Services and Retail
Enterprise ExcellenceCustomer Excellence

It’s the experience, stupid!

Instead of looking at your product or services separately, you should consider your whole business as a brand. When you do this, you are dealing with customer experience.
Dorothée Laire

A brand is the sum of all interactions a customers has with it. Instead of looking at your product or services separately, you should consider your whole business as a brand. When you do this, you are dealing with customer experience. Or X as Brian Solis, the customer experience guru calls it. A great experience is relevant, valuable, mutual and respectful. Shaping such great experiences does not happen overnight. Best-in class brands invest in creating experiences around their products and services. The best experiences become memories. And when that happens, customer loyalty increases.

Think about it. What makes Apple and Disney so great? Their product are of outstanding quality, of course, but there is more to it. Both Apple and Disney are recognized for the experiences they shape in line with the way of life of their target groups. Think about the simplicity and user-friendliness of Apple and the mesmerizing world of Disney. Their offered experiences are well designed and thought true. These brands draw story-boards that explain what their experiences will look like. Apple is so methodical in its customer design that it even draws story boards on how its boxes will be opened.

Creating great experiences around your existing products and services is referred to as experiential marketing. Experiential marketing tries to immerse customers within the product by engaging as many other human senses as possible. Brands utilize a variety of marketing strategies in order to achieve this emotional connection with their consumers.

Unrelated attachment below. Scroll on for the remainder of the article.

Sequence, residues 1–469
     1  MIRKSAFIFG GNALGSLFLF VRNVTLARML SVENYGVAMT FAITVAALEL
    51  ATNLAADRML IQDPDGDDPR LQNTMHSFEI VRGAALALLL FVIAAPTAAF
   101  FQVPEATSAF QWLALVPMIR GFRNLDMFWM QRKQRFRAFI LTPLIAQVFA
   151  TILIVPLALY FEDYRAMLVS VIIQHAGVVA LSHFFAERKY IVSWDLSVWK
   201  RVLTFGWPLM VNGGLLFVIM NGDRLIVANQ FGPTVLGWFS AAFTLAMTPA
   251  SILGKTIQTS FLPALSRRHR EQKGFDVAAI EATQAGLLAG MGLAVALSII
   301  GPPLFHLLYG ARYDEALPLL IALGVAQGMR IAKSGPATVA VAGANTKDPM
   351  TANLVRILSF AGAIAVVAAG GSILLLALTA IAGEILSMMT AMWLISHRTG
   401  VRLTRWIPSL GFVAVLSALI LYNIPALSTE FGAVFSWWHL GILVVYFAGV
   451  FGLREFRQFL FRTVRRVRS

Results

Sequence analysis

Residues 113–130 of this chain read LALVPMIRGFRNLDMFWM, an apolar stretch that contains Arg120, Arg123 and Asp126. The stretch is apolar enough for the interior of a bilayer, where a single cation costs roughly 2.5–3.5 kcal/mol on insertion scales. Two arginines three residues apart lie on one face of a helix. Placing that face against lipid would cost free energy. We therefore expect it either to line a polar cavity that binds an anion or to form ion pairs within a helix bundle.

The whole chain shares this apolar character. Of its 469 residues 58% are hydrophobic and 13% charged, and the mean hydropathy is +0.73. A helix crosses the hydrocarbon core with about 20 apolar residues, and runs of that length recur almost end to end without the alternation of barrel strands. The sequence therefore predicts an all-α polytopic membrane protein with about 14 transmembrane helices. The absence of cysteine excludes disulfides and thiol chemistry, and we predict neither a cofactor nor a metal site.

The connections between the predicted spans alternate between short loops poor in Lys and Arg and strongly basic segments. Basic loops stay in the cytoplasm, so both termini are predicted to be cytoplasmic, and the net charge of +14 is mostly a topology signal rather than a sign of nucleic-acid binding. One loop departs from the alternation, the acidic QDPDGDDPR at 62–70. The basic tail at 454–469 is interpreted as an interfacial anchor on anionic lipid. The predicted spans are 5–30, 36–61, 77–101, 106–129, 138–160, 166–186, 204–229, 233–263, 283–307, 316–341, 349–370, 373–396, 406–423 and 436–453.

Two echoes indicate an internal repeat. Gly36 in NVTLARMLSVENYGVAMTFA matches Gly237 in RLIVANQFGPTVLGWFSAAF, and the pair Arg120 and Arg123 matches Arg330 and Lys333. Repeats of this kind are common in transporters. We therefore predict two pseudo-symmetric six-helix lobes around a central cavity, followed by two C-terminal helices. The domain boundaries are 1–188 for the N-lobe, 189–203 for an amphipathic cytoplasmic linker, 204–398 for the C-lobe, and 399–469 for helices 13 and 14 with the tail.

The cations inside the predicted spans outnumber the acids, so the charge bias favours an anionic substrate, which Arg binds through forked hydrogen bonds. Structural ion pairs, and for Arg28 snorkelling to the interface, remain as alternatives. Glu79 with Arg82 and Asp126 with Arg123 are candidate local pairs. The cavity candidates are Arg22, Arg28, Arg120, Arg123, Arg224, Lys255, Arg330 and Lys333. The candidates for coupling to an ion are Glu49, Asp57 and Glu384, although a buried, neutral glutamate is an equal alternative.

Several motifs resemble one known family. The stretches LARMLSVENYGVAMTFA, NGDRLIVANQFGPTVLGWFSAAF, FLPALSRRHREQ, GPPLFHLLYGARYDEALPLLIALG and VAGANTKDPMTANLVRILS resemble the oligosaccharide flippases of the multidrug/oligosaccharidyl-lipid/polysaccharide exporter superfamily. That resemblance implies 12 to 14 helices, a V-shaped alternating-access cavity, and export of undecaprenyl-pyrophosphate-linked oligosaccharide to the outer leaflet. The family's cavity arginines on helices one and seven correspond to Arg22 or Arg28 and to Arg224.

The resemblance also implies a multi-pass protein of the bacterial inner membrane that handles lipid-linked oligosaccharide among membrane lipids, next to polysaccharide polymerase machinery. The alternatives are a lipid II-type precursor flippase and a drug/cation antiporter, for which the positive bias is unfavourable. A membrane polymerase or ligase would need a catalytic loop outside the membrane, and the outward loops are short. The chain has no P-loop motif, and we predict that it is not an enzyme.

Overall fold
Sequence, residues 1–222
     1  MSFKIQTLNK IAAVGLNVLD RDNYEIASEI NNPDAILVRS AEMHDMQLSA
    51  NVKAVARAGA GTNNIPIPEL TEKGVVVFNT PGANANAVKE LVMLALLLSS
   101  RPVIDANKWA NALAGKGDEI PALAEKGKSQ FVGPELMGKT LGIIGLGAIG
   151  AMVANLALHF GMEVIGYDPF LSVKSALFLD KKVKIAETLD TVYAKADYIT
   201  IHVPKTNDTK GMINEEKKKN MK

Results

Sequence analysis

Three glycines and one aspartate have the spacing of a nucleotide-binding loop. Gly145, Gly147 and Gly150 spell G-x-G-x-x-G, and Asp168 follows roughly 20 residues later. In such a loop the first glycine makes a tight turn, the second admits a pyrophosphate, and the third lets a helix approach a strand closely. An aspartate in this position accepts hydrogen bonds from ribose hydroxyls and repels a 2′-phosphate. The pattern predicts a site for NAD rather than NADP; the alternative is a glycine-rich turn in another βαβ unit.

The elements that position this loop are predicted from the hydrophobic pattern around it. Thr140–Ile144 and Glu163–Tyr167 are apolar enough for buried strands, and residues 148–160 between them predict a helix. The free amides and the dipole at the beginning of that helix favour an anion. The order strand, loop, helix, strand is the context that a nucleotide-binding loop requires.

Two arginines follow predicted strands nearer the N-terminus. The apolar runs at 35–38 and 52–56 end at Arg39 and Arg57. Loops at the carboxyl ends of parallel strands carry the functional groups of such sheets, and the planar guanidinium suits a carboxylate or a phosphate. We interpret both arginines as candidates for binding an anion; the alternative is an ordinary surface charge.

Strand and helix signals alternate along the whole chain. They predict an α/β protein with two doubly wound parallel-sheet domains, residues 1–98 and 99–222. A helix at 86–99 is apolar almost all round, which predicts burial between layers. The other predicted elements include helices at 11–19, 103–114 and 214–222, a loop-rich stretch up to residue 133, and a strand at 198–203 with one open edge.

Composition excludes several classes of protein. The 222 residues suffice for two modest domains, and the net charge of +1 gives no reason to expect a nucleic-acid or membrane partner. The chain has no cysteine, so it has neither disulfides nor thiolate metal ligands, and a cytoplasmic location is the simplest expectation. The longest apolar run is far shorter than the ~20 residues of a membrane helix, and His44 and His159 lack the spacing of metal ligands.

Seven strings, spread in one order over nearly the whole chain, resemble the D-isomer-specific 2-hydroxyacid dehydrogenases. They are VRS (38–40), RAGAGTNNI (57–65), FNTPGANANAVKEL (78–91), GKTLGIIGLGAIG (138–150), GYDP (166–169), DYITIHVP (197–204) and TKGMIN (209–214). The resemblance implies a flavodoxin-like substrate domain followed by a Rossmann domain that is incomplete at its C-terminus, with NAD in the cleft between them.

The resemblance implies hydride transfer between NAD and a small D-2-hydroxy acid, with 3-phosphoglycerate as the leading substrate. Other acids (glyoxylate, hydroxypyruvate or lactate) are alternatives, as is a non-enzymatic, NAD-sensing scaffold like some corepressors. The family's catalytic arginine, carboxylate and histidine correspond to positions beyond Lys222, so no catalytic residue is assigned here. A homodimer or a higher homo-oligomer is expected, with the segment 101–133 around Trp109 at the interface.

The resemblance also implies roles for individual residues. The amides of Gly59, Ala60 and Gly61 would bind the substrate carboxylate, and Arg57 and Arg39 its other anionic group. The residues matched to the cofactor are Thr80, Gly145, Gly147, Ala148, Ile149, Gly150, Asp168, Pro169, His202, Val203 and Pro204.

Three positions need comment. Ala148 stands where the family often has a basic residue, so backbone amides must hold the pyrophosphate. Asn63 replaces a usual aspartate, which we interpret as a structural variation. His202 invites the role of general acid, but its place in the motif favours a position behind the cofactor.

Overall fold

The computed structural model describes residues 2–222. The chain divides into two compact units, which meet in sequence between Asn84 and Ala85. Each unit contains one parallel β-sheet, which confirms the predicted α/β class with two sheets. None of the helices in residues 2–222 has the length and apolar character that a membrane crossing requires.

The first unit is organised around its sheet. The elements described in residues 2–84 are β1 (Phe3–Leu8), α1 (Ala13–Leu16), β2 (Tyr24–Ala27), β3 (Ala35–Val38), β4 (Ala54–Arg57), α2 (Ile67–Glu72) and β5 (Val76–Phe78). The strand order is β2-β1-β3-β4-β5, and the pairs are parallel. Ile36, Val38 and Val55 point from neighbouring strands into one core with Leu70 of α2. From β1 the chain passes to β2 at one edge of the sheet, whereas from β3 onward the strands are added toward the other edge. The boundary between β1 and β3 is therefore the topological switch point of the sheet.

Adidas, for example, organized the “D Rose Jump Store” in London to promote Derrick Rose’s signature Adidas sneakers. Although the concept was simple (use Derrick Rose’s presence to create buzz among fans), Adidas took it to another level by adding depth to their activation. In addition to meeting the famous Chicago Bulls point guard, fans had the opportunity to win a free pair of the signature sneaker if they could jump 3 meters to reach them. By having participants jump the same distance needed to reach a regulation basketball hoop, it gave each consumer perspective into the basketball player’s life. Whether participants walked away empty handed or with a new set of shoes, they all had an experience that they will always remember and associate with Adidas. 

A more charming example and one that illustrates a campaign that stands on its own, is one activated by Milka. The chocolate brand made the effort to manufacture 10 million bars that were missing one piece. Puzzled chocolate eaters then learned that the one piece had been set aside for them to choose whether they would want it mailed back to them or mailed, with a personalized message, to a friend or loved one. This campaign helps Milka not only form an emotional connection with its consumers, but also to whomever the consumers decides to send the single piece of chocolate to. Briljant! No? Positive buzz guaranteed, if you ask me.

How about your business? Which amazing experiences do you want your customers to remember?

Thanks for reading

Contact our expert

Dorothée Laire

Share blog